Convicted murderer Derek Chauvin is fighting attempts by prosecutors to convince a judge to sentence the ex-police officer to more than 12 years in prison.
According to court documents obtained by RadarOnline.com, the prosecutors who successfully obtained a guilty verdict against Chauvin are asking the court to throw the book at him during sentencing.
On June 25, Chauvin will go before the judge and find out how long he will be in prison. Last month, the former Minneapolis police officer was found guilty of second-degree murder, guilty of third-degree murder, and guilty of second-degree manslaughter. A jury of 12 found him guilty for murdering George Floyd after he placed his knee on his neck for over 8 minutes.
Per Minnesota law, Chauvin will only be sentenced to the most serious charge. He is facing 40 years in prison.
Due to Chauvin not having a previous criminal record he would normally receive a sentence of around 12 ½ years. Prosecutors filed a request for an aggravated sentence. They believe he should spend many more years behind bars than just 12.
They argue Chauvin murdered Floyd while he was in a “vulnerable state”. They write, “Defendant continued to kneel on Mr. Floyd’s neck and upper back even after Mr. Floyd said he could not breathe 27 times, for almost four minutes after he became nonresponsive, and for approximately three minutes after officers knew that he had no pulse. Mr. Floyd also was intoxicated, and Defendant knew as much during the incident. Thus, the facts proven beyond a reasonable doubt demonstrate that Mr. Floyd was particularly vulnerable.”
Further, they say Chauvin “inflicted gratuitous pain” on Floyd, and his actions caused “psychological distress” for Floyd and those who witnessed the murder. Prosecutors want a higher sentence imposed due to him abusing his position of power as a police officer.
In newly filed documents, Chauvin objects to prosecutors' request for an aggravated sentence. His lawyers claim, “Mr. Chauvin entered into the officers’ encounter with Mr. Floyd with legal authority to assist in effecting the lawful arrest of an actively resisting criminal suspect.” Chauvin claims he was “authorized, under Minnesota law, to use reasonable force to do so.”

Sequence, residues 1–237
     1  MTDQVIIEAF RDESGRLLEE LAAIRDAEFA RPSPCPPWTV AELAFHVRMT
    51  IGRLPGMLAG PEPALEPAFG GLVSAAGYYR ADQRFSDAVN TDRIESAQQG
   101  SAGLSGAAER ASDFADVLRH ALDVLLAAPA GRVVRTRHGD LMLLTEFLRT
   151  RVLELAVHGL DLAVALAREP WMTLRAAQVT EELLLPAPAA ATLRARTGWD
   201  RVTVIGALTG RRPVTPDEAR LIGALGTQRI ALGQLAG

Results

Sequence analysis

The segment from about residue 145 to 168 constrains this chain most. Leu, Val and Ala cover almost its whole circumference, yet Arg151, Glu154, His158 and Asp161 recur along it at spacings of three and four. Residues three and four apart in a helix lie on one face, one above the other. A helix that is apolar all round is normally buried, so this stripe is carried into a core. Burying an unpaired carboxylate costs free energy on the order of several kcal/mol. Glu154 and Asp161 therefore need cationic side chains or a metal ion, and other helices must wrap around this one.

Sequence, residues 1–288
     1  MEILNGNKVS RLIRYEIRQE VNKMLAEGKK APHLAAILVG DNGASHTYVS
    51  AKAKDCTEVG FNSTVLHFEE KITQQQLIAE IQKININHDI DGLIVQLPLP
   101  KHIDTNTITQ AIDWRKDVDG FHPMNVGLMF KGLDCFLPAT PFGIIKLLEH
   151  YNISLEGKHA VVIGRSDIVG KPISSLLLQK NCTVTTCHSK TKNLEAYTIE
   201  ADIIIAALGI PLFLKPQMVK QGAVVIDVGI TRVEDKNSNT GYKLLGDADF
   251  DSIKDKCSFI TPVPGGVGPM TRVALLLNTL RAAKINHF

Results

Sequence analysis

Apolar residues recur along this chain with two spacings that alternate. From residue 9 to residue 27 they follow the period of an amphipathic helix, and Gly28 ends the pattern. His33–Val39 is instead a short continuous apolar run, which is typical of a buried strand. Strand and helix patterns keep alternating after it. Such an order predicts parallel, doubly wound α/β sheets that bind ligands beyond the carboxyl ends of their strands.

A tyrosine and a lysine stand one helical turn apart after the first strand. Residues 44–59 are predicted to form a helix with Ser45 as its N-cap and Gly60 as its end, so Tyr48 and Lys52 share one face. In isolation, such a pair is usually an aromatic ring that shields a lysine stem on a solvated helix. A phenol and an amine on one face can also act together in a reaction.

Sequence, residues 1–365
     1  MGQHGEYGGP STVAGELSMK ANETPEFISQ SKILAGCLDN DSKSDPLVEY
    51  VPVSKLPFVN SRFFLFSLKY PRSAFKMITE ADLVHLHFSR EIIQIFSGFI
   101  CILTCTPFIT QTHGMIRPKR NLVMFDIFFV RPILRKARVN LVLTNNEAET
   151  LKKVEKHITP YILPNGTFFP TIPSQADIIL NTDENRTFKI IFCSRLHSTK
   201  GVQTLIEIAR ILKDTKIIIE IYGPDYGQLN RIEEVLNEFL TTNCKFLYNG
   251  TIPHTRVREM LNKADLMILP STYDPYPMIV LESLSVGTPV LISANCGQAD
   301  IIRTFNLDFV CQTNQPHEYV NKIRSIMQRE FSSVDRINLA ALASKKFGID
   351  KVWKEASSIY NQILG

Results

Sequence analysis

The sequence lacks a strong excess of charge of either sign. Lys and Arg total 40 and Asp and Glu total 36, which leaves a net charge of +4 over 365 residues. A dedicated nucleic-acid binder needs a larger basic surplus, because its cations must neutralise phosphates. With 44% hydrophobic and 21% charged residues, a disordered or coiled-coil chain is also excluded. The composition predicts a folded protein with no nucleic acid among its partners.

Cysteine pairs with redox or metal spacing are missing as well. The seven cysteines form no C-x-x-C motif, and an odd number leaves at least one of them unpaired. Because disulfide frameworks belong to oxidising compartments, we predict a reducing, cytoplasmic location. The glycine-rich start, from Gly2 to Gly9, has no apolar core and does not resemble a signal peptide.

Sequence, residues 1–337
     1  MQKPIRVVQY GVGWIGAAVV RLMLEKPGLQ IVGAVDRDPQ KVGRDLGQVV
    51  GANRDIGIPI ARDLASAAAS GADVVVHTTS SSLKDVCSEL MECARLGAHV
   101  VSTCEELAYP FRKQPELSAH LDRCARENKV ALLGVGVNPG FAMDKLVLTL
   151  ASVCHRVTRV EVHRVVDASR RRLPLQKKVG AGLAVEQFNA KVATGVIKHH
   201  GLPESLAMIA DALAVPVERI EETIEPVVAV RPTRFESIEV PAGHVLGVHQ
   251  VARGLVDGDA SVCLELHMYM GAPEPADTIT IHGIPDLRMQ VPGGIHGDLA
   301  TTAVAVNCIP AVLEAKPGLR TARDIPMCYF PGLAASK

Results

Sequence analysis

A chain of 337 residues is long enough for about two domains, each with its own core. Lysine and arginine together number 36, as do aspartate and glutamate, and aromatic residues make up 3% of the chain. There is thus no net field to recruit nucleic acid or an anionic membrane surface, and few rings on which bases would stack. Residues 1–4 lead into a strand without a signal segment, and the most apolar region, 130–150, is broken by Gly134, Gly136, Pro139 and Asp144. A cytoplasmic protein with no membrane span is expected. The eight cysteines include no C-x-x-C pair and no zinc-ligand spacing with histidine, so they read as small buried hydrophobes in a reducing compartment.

His legal team tries to argue Floyd was hard to subdue. They point out he was “six feet tall, muscular, and weighed in excess of two hundred pounds.”
The motion reads, “He was handcuffed at the beginning of the encounter, and, as Offices Lane and Kueng attempted to put Floyd in their squad car, he began to actively resist arrest.” Chauvin’s lawyer says the ex-police officer then stepped in after the other officers struggled to put Floyd in the back of the cop car.
“Once Mr. Chauvin joined the struggle, Mr. Floyd still managed to prevent himself from being subdued until officers were finally able to restrain him on the ground, where he continued to struggle. He was on the ground for a total of around nine minutes before EMS arrived. Floyd was able to continue struggling during a portion of his restraint.”
The motion failed to mention a crowd of bystanders pleaded with Chauvin to release his knee off of Floyd’s neck or that Floyd stopped breathing during the incident.
Chauvin says his actions were not “particularly cruel” and denies causing trauma to the witnesses. He says nobody who saw Floyd’s death was a friend or family member. Further, he says all the witnesses were “all free – and in fact, encouraged by Officer Thao – to leave at any time they wished.”
The judge presiding over the case will make a decision on Chauvin’s fate in June. As RadarOnline.com previously reported, Chauvin is also being investigated by the Department of Justice over a separate 2017 incident involving a 14-year-old black teenager. A grand jury has been convened to decide whether to bring additional charges against the former law enforcement officer.